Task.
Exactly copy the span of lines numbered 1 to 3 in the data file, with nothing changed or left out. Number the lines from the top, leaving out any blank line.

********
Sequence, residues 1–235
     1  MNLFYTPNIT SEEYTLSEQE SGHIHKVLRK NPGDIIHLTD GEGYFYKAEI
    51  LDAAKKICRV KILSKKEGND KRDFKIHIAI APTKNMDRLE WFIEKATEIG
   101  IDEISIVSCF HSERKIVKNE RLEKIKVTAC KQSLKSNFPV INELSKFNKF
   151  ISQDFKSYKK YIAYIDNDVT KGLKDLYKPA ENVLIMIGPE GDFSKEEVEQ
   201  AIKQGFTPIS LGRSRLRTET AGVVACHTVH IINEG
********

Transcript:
Sequence, residues 1–235
     1  MNLFYTPNIT SEEYTLSEQE SGHIHKVLRK NPGDIIHLTD GEGYFYKAEI
    51  LDAAKKICRV KILSKKEGND KRDFKIHIAI APTKNMDRLE WFIEKATEIG